I’ve been thinking a lot about ants lately. It’s hard not to think about them when every time you go into the bathroom for your morning ablutions you discover the ants have beat you to it! In the bathtub. Around the shower tiles. Across the floor. Up the sides of the commode. I have never had to combat ants in my bathroom before.
I’ve had bad moments at various points in my life where it appeared the ants were on the way to taking over the house, but this is the first time I’ve had the bathroom as the battleground. I can’t tell where they are coming from, but they come in the night and are always awaiting us at the crack of dawn.
I’m not the only person in our apartment complex to battle ants. Whoever calls the office and asks that the pest control people come to their apartment and spray for ants will be the cause of an ant infestation in one of the four adjoining apartments. I am convinced the ants have built an entire subterranean city under our apartment building. The minute the lucky ant at the end of the line who can make it back to the nest unscathed after any spraying issues the call to move operations into one of the other apartments. It’s always with a bit of ruefulness that I call for pest control; it’s like siccing my ants onto someone else.
I also suspect that with this network of tunnels under our apartment unit, in the event a decent-sized earthquake arrives and centers itself in the Mira Loma area, our one story apartment building, composed of 12 individual apartments, may simply disappear into the ground. If we disappear suddenly, it won’t be the rapture nor a sink hole; it will just be a case of ant-tunnel collapse. The ants may see it as “payback” time for the many times we’ve come at them with ant spray. Or fed them corn meal, or tried any of the other tricks that are supposed to do them in. (Early this morning it was spraying them with Tilex, which was the handiest thing available).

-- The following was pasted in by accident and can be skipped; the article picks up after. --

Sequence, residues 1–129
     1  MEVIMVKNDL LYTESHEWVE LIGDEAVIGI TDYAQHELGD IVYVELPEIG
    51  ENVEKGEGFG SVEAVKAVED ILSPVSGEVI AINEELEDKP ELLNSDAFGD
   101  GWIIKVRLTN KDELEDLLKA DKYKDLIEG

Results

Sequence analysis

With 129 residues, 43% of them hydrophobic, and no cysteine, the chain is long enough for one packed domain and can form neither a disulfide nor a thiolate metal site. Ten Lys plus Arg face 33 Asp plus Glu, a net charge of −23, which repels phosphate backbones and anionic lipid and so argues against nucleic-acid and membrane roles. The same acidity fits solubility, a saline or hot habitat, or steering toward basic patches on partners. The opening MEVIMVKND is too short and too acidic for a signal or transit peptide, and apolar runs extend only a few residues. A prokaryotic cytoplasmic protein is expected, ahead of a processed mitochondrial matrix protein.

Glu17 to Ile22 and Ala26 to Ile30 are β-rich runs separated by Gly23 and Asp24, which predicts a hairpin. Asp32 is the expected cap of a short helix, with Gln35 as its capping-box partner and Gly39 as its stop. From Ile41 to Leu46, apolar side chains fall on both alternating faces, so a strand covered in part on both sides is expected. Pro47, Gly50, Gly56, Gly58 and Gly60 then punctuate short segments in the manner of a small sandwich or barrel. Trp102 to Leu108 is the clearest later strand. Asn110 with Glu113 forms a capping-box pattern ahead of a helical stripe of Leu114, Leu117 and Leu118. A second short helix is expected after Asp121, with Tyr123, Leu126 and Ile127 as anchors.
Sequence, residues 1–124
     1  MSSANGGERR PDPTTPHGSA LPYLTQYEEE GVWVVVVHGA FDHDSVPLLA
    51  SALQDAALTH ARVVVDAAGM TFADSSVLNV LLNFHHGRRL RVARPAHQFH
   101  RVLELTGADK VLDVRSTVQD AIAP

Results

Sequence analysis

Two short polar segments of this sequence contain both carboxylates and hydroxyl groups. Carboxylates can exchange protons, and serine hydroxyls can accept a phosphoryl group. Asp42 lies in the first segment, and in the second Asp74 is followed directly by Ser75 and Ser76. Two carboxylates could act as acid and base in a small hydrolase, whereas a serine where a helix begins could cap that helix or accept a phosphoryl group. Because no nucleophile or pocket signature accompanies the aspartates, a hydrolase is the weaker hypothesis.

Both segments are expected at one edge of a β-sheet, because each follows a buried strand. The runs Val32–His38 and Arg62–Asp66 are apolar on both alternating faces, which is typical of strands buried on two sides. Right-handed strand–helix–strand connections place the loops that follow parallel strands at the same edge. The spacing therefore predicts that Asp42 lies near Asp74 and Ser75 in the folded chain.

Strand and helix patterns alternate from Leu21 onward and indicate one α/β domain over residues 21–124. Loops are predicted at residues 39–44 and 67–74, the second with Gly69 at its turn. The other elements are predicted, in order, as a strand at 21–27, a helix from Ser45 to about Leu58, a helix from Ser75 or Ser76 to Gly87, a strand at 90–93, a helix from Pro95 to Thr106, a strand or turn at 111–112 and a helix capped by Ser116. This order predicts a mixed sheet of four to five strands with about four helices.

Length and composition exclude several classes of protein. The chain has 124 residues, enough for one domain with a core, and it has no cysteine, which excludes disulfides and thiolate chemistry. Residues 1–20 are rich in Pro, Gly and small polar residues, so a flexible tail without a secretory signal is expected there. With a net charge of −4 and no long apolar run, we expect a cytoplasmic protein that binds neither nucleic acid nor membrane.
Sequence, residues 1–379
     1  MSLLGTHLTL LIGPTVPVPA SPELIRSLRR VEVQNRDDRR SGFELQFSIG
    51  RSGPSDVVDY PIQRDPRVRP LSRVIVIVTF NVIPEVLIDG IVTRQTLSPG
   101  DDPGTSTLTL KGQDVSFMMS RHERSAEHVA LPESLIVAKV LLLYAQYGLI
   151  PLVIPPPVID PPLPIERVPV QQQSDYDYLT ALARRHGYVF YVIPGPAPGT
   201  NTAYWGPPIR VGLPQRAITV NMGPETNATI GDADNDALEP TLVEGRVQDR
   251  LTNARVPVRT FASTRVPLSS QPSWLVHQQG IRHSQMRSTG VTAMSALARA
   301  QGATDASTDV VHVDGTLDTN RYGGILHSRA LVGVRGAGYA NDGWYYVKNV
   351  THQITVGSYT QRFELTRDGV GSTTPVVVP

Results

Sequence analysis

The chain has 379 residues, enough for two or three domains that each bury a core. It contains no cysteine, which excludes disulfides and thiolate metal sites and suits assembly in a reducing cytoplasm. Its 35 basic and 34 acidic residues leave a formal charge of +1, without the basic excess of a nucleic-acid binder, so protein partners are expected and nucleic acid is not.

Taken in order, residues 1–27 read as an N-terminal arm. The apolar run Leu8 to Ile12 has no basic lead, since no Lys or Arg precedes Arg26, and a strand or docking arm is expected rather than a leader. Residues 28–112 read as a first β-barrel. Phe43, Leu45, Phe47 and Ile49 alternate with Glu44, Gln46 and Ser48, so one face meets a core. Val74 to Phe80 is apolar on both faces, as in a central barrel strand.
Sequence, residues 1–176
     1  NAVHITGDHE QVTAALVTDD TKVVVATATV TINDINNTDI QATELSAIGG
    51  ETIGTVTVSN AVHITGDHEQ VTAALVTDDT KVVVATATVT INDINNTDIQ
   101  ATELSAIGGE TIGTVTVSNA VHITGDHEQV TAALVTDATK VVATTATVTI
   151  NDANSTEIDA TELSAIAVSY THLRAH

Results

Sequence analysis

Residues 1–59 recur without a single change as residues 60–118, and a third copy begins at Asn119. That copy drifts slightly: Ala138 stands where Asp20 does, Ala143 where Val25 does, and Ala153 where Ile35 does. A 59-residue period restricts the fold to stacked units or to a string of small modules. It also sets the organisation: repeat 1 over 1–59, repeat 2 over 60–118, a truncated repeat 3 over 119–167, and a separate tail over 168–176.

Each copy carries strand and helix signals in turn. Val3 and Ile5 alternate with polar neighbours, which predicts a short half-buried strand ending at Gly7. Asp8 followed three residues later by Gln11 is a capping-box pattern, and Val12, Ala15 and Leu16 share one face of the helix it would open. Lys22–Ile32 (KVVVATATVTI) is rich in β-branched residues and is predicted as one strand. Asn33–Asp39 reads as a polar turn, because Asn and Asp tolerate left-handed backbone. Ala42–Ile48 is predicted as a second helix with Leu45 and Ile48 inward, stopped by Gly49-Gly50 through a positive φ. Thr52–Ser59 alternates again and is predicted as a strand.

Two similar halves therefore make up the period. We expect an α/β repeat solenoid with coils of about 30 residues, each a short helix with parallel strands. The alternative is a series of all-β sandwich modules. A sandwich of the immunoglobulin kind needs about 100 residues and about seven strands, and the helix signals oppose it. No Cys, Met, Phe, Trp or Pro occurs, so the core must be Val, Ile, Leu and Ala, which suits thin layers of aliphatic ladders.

Just so you know as much as I do now about ants, I just read an interesting Slate article on them, and found an article in the newspaper about a new ant book: The Superorganism: The Beauty, Elegance, and Strangeness of Insect Societies by Bert Holldobler and E.O. Wilson. Slate writer Christine Kenneally tell us the following:
“The Superorganism” is a completely wonderful book. It is packed with astonishing findings and beautiful illustrations, and, happily, it also contains enough information about ant civilization to set up a few ants-vs.-humans scenarios. Let us skip lightly over the fact that to compare ants and humans is to pit thousands of species against just one. Rather, let's start with the idea that we begin the contest evenly matched—at 6.6 billion humans and approximately 5 million billion ants, humans and ants have roughly the same biomass. What if a global disaster struck? Who would come out on top?
I’m not sure I’m interested enough in ants to read this book, especially since I have enough global disasters to worry without adding a new one to it. Nevertheless, it does sound like a book to nose through while sitting in Barnes and Noble with a nice Pumpkin Spice latte.
Oh, and just so you learn something new today, the study of ants is called myrmecology. Store that little piece of trivia as your “new word for the day!”